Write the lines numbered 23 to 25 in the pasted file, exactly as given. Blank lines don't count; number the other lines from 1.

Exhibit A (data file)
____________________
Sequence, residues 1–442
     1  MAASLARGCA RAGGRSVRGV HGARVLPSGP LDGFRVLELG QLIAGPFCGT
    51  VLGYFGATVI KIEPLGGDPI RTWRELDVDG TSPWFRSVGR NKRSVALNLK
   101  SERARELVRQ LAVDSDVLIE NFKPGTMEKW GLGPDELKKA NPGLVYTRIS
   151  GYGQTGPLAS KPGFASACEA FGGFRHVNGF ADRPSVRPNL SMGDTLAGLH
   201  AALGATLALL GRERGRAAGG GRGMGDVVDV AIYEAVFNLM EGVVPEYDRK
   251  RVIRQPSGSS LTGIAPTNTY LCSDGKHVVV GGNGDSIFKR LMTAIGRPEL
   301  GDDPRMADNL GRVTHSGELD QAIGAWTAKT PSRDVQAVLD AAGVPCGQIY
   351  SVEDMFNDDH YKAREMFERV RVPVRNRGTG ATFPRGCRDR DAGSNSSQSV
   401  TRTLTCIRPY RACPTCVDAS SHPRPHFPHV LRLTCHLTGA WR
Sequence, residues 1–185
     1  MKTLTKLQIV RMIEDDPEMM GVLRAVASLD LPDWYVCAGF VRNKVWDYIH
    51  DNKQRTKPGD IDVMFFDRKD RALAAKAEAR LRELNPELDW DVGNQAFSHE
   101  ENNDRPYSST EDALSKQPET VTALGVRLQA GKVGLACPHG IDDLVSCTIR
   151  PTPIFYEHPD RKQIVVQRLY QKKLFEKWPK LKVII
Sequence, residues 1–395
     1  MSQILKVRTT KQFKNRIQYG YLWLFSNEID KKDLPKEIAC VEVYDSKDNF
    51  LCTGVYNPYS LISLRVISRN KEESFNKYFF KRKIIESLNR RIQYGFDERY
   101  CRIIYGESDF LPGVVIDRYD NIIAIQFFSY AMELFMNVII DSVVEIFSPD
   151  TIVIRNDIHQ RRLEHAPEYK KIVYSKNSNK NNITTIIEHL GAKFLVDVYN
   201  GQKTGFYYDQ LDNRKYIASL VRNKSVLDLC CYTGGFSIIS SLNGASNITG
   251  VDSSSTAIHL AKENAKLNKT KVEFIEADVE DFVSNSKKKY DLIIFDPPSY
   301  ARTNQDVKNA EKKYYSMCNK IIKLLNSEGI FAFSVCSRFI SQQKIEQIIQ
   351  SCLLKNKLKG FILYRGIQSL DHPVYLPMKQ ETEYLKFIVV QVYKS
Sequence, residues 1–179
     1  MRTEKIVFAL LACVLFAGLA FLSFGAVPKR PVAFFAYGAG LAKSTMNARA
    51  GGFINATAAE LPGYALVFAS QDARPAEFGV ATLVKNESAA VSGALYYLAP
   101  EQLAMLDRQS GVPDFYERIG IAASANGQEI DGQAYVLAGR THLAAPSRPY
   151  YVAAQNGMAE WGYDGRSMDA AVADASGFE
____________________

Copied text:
   301  ARTNQDVKNA EKKYYSMCNK IIKLLNSEGI FAFSVCSRFI SQQKIEQIIQ
   351  SCLLKNKLKG FILYRGIQSL DHPVYLPMKQ ETEYLKFIVV QVYKS
Sequence, residues 1–179